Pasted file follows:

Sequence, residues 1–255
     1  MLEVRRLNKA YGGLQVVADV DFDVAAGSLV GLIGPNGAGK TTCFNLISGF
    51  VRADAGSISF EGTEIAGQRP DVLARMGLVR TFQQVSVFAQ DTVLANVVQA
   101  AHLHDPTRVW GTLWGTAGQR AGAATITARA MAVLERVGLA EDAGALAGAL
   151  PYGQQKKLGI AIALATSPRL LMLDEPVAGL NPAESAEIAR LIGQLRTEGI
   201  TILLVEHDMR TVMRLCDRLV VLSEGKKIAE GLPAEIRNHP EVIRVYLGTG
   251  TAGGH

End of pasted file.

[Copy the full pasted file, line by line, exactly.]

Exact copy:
Sequence, residues 1–255
     1  MLEVRRLNKA YGGLQVVADV DFDVAAGSLV GLIGPNGAGK TTCFNLISGF
    51  VRADAGSISF EGTEIAGQRP DVLARMGLVR TFQQVSVFAQ DTVLANVVQA
   101  AHLHDPTRVW GTLWGTAGQR AGAATITARA MAVLERVGLA EDAGALAGAL
   151  PYGQQKKLGI AIALATSPRL LMLDEPVAGL NPAESAEIAR LIGQLRTEGI
   201  TILLVEHDMR TVMRLCDRLV VLSEGKKIAE GLPAEIRNHP EVIRVYLGTG
   251  TAGGH